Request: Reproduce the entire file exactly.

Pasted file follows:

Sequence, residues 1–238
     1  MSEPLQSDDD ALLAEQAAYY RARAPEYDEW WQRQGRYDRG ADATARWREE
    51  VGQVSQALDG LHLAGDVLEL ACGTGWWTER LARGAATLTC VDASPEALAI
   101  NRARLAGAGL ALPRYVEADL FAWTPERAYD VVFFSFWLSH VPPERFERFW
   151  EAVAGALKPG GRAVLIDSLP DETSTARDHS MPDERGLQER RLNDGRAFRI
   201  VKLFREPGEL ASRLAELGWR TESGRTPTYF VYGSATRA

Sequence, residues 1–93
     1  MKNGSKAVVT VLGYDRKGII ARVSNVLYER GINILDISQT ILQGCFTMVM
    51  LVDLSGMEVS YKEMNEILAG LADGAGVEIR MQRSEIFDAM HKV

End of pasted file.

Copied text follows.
Sequence, residues 1–238
     1  MSEPLQSDDD ALLAEQAAYY RARAPEYDEW WQRQGRYDRG ADATARWREE
    51  VGQVSQALDG LHLAGDVLEL ACGTGWWTER LARGAATLTC VDASPEALAI
   101  NRARLAGAGL ALPRYVEADL FAWTPERAYD VVFFSFWLSH VPPERFERFW
   151  EAVAGALKPG GRAVLIDSLP DETSTARDHS MPDERGLQER RLNDGRAFRI
   201  VKLFREPGEL ASRLAELGWR TESGRTPTYF VYGSATRA

Sequence, residues 1–93
     1  MKNGSKAVVT VLGYDRKGII ARVSNVLYER GINILDISQT ILQGCFTMVM
    51  LVDLSGMEVS YKEMNEILAG LADGAGVEIR MQRSEIFDAM HKV